Who Needs A Desk When You've Got A Lap?

How far can the laptop boom take American business? How about out of the office forever? That's what AT&T's Business Network Sales Div. plans. This spring, 500 of its salespeople who sell long-distance services to businesses will be evicted from offices in 10 states. Henceforth, they'll hang their hats only at home.

In exchange for four walls, salespeople such as John J. White will be outfitted with a portable office: a seven-pound notebook equipped with a modem for communicating with American Telephone & Telegraph Co.'s corporate computers, and a portable printer. Later, he'll get a cellular phone. Leaving the office for good is fine with 25-year-old White: "It's a greater level of freedom and a greater level of interaction with my customers."

AT&T's experiment is the brainchild of David L. Grimes, an AT&T sales vice-president who wanted to make his people more productive. Last year, after 18 months of study, he hit on the right combination of hardware and software, and persuaded a group of volunteer guinea pigs to try the setup for four months. The result? Grimes documented productivity gains of 5% to 45%. "Now, the others are clamoring for it," he says. They won't have long to wait: In 30 days, every salesperson in his 10-state region will be up, running, and out the door.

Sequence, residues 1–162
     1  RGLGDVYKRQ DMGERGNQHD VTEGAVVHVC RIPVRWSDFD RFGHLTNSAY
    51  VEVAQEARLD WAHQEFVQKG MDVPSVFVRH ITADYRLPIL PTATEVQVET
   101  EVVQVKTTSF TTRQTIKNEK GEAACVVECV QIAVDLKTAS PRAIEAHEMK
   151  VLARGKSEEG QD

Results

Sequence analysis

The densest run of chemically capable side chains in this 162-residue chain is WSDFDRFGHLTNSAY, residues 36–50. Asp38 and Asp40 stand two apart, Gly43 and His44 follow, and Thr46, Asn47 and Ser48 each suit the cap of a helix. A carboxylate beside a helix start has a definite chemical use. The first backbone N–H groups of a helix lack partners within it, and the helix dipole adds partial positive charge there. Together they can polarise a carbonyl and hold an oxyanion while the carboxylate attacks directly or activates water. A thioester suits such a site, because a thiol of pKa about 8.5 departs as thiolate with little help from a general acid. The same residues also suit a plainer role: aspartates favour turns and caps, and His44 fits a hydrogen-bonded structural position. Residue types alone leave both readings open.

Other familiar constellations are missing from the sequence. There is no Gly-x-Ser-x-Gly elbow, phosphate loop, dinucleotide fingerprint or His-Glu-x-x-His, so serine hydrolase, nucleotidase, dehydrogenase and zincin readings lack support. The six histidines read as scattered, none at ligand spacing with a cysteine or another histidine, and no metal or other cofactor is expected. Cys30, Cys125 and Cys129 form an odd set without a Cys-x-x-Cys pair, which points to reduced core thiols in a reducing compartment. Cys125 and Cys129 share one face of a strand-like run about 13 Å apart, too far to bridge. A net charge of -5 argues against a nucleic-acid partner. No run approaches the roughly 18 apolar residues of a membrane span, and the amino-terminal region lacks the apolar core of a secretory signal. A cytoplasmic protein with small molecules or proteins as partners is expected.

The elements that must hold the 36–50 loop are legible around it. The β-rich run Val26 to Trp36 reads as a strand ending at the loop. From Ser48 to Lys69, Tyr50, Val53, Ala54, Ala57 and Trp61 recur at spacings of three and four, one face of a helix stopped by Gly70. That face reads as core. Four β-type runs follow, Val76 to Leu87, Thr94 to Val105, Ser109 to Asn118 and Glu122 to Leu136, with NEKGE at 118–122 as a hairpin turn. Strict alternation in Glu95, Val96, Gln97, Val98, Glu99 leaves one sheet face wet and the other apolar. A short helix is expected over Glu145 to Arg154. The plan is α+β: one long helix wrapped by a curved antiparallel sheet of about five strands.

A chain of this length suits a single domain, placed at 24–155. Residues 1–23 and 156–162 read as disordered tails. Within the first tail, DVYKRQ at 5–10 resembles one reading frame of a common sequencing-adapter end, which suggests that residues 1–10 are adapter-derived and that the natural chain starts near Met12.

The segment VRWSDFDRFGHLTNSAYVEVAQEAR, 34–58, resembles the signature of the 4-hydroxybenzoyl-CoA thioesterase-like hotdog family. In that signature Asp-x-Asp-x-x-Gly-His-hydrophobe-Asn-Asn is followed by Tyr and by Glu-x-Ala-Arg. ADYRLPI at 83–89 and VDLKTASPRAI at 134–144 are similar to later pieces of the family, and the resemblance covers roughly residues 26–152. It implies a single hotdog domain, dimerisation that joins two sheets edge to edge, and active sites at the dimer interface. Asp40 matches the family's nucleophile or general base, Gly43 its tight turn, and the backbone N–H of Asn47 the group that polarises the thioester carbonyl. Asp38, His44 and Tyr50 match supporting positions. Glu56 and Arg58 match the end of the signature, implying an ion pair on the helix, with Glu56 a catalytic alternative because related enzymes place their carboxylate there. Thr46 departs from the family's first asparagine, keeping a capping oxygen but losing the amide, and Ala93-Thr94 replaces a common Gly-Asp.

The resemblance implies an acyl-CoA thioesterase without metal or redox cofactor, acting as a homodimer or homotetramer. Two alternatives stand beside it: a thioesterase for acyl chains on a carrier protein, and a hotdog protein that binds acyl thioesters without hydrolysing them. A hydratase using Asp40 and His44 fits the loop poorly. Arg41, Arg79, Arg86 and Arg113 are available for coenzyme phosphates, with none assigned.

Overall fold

Over the next two years, 10,000 other AT&T salespeople will follow suit--half of them by October. The plan will cut AT&T's office-leasing costs by 50% because branch offices will have just a few desks for managers and a conference room. When salespeople have to come in, they'll use temporary cubicles, complete with nameplates on the wall--attached with Velcro.

OUT OF TOUCH? To see how workers respond to their new environment--or lack of it--AT&T is monitoring the scheme with psychologists from Indiana University. Employees fear the loss of social relationships that develop at work. They also worry that the boss won't remember them when it comes time for promotion. "We'll have to come up with a set of tools that keeps people connected with their network of colleagues," says David A. Goodrum, who heads the university's team.

Management will have to adjust, too: "Imagine not having people in the office where you can keep your eye on them," says Roger G. Dalrymple, AT&T's manager of information technology for the division, which is based in Basking Ridge, N. J.

Salesman White is sure that the new free-form infrastructure will work. "I'm happy when I make a sale and get a commission check," he says, "not because I have an office with a certain amount of floor space and a picture of my wife." He can always put the picture in his wallet. But if AT&T gets the productivity gains it expects, fatter commissions will eat that space, too.

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